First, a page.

(CBS) — Sometimes, mistakenly, the city of Chicago has painted over beloved public art that has come to define certain neighborhoods.
To guard against that the city has created a new mural registry.
Take A Tour Of Chicago’s Murals
At the corner of 31st and Central Park in Little Village sits the “Temple of Bloom.”
Artist Gloria Talamantes remembered painting the mural’s bright colors with a group of teens three years ago. It’s one of the estimated thousands of public art murals that grace the city’s walls and walkways in just about every neighborhood.
“It changes the way you feel about your neighborhood, the way you feel about yourself when you’re walking. It just has an overall beautiful feeling,” Talamantes said.
Unfortunately the city’s teams of graffiti blasters, charged to remove vandalism and tagging, have sometimes mistakenly painted over beloved murals,
“We had three tragic incidents last year where murals were wiped out,” said Mark Kelly, Commisioner For Cultural Affairs and Special Events.
“Es Tiempo de Recordar,” a 26-year-old mural in Hermosa by Sandra Antongiorgi, Marcus Akinlana and Rolf Mueller, is one example form last summer. So was a commissioned work near a Brown Line stop in Lakeview
As an artist, Talamantes relates.
“It’s just really painful. It’s also kind of violent to see your work whitewashed,” Talamantes said. “It’s like you’re erasing somebody’s voice.”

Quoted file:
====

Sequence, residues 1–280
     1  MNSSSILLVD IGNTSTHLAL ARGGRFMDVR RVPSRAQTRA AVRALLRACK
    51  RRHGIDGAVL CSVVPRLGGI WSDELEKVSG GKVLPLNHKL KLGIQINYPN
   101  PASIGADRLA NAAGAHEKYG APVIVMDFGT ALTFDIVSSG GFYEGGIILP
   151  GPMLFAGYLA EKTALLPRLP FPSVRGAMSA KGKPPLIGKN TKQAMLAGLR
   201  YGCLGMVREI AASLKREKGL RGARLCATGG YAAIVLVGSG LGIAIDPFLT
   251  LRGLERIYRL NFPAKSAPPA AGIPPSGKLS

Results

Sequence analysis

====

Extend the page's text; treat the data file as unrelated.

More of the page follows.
“We don’t want that to happen again,” added Kelly, who said he is a big believer in public art.
“I want more of it. We need to expand public art in every neighborhood of this city,” noted Kelly. “My hope is that almost every mural in the city becomes registered.”
Under his watch, Chicago has now come up with a mural registry, where artists and community groups can officially list these works of art. Each is entered into a data base that graffiti crews can check before taking action.
They’re marked in the corner with an official city emblem too.
The general public can also search the database, by zip code or ward, and map out a course to take in the murals in person. After painful mistakes the move has taken some artists by surprise.
“Some are a little confused, like ‘the city is going to protect us?'” said Kelly.
“Historically speaking, I think murals tell time and they tell stories,” Talamantes said.
With the new registry, Talamantes hopes the city’s murals will have a better chance of standing the test of time.
To date, only 150 murals have been entered into the database, but the city is encouraging more artists and communities register their works of art.